Members of Justine Ruszczyk Damond’s community had the chance to explain why they still fear and distrust Minneapolis police as city leaders sat and listened.
About 100 people gathered on May 7 at the Lake Harriet Spiritual Community, where Damond taught meditation classes before officer Mohamed Noor shot and killed her in July 2017. Noor was found guilty of Damond’s murder on April 30.
“I feel as though the Minneapolis Police Department was convicted along with Noor,” Mindy Barry, a neighbor of Damond, said. “I’ve lost faith in the system that I think covered up a lot of what happened in Justine’s case.”
During the listening session, hosted by Mayor Jacob Frey, Police Chief Medaria Arradondo and Council Member Linea Palmisano (Ward 13), many took the opportunity to plead for increased police accountability and to raise concerns about cops who refuse to turn on body cameras and police union leaders who continue to support “warrior-style trainings.”
Hennepin County Attorney Mike Freeman has acknowledged significant errors in the investigation of Damond’s murder by the Bureau of Criminal Apprehension, and a number of speakers demanded that closed BCA cases be reopened.
“If the BCA was incompetent in this case, then the likelihood they’re incompetent in other cases exists,” activist Mel Reeves said. “We don’t see much difference between the way Justine got her life ended and the way Jamar Clark got his life ended. Both were unnecessary.”
Arradondo defended the police department against criticism that there is a “blue wall of silence” that shields bad actors from justice. He said the phrase implies that “every single officer in the department is involved in covering up something.”
“Have we had officers who have lied? Absolutely,” he said, but “I do not believe that every single man and woman who wears this uniform comes to work lying.” He added that those who lie “have forfeited [their] right to be a Minneapolis police officer.”
Noor is the first on-duty police officer to be convicted of murder in Minnesota, and the fact that he is a black, Muslim, Somali man and Damond was a white woman has led many to see race and prejudice as factors in the outcome of the case.
“As a woman in my neighborhood, I don’t feel comfortable calling the police,” said Sarah Kuhnen, a Fulton resident who has been active in the group Justice for Justine. “I don’t know how to fix that. And I realize, in my whiteness, that’s something people of color have been carrying their whole damn life.”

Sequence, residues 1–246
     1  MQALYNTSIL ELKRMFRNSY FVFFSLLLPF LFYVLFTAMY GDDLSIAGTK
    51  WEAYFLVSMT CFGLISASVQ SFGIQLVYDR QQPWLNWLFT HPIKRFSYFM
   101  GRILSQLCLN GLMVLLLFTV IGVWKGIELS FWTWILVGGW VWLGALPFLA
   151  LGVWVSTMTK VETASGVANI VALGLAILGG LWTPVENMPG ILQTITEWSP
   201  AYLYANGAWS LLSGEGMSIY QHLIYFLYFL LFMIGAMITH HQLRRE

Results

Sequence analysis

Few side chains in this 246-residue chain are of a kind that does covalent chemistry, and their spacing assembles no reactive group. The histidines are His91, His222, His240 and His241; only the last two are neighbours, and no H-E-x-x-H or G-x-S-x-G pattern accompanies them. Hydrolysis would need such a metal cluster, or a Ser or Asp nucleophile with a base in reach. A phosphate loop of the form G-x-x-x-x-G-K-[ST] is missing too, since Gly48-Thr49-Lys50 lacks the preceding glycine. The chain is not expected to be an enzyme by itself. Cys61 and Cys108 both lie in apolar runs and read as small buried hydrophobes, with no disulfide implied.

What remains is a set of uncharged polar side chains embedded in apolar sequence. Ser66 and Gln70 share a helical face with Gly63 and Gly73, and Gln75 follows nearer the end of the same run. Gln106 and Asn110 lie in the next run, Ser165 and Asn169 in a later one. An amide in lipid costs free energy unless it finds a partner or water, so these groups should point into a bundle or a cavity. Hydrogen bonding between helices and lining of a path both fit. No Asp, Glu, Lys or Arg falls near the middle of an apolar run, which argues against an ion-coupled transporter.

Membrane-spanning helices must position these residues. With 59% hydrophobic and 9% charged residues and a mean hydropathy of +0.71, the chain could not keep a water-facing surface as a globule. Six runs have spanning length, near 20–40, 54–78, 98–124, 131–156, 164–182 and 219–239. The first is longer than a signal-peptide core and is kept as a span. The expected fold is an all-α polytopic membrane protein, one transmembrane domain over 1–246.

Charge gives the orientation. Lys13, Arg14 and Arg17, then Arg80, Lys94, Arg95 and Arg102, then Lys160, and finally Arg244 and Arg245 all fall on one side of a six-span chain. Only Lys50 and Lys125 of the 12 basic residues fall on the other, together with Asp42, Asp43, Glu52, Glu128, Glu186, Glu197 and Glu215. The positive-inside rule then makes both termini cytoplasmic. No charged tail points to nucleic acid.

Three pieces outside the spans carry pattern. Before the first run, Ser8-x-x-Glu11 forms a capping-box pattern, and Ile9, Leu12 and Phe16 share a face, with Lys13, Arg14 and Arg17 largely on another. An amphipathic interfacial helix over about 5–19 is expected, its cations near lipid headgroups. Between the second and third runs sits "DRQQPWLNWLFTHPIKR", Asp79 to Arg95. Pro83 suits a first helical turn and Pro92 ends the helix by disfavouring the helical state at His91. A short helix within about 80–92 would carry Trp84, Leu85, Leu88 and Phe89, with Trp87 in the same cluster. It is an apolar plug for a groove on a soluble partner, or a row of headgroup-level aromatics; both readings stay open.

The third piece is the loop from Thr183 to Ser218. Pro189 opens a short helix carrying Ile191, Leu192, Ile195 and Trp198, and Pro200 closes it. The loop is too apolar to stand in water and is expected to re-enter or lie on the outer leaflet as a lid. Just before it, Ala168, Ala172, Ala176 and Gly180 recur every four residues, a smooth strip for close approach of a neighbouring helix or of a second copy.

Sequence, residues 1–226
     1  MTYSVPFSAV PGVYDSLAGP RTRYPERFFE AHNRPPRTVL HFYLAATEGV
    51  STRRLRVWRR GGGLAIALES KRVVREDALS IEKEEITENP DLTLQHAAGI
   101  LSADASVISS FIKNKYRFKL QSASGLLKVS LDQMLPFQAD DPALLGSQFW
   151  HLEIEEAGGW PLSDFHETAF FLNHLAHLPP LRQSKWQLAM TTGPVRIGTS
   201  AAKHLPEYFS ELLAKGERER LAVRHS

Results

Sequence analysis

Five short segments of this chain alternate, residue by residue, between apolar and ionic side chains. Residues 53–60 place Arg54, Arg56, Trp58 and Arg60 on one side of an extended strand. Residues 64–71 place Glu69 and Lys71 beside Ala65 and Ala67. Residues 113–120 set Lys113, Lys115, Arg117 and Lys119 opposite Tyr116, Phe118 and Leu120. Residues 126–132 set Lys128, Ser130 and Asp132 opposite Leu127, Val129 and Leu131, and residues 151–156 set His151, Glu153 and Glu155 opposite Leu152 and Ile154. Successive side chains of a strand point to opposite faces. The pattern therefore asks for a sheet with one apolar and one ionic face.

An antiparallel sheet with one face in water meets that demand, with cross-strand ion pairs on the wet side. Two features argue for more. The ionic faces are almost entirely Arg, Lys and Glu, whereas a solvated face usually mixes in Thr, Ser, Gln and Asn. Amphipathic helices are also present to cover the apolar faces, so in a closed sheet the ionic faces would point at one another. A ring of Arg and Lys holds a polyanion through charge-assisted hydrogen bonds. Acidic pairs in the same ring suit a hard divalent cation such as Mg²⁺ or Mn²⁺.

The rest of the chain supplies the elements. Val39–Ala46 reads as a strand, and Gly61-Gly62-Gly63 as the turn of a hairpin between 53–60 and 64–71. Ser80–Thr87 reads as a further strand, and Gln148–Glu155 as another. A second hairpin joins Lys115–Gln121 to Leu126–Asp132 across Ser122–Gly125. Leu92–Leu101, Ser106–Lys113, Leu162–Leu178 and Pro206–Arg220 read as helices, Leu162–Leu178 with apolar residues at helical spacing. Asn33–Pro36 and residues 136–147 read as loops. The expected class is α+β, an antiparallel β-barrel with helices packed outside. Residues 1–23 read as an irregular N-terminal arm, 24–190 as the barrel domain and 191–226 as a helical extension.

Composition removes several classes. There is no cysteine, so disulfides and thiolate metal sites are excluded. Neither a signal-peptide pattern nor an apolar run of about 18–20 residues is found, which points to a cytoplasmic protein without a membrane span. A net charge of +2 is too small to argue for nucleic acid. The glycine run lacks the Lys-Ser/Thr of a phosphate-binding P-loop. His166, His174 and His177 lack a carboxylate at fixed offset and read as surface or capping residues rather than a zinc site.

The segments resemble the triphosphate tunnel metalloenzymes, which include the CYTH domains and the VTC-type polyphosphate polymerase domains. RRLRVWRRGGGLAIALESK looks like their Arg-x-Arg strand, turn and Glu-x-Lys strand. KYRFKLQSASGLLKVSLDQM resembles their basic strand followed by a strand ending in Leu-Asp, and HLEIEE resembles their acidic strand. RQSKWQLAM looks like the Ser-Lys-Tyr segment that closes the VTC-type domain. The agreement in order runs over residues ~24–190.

A Linden Hills resident named nance kent is working on “my own internalized racism as a white person” and said they wanted police to be trained in race-based psychological trauma.
“Most of the violence from the police is against black and brown and indigenous people,” they said. “In my white body, I am afraid of black bodies, and the only thing I can do is be aware of it and work on it and consciously try to be not so dangerous.”
Mayor Frey responded that “every one of our police officers in the MPD and every single person in this room, including myself, has implicit bias.” He noted that a training in implicit bias has been given to MPD officers since 2015.
John Robertson had plenty of critical words for city leaders, but he said that with the automatic weapons and assault rifles on the streets, “this is a scary time to be a police officer.”
“I would be afraid as Noor was afraid,” he said.
John Barry said he was appalled to hear Noor’s partner, officer Michael Harrity, testify that he responds to calls considering everything to be a threat “until it’s not a threat anymore.”
“It makes me shake thinking about that because my son was out minutes before Justine was killed,” Barry said. “He had just gotten new shoes and we allowed him to run around the block, and the thought of officer Harrity thinking of my son as a threat and possibly shooting him makes me sick to my stomach.”
A number of speakers throughout the evening thanked Frey, Arradondo and Palmisano for coming to the Lake Harriet Spiritual Community to listen and encouraged them to hold similar events on the North Side and in other parts of the city more affected by police violence.
“I have become radicalized in this process,” Fred Kuhnen said, “understanding quickly that it wasn’t just a single action around the corner from us, but this was another chapter in this unfortunate book.”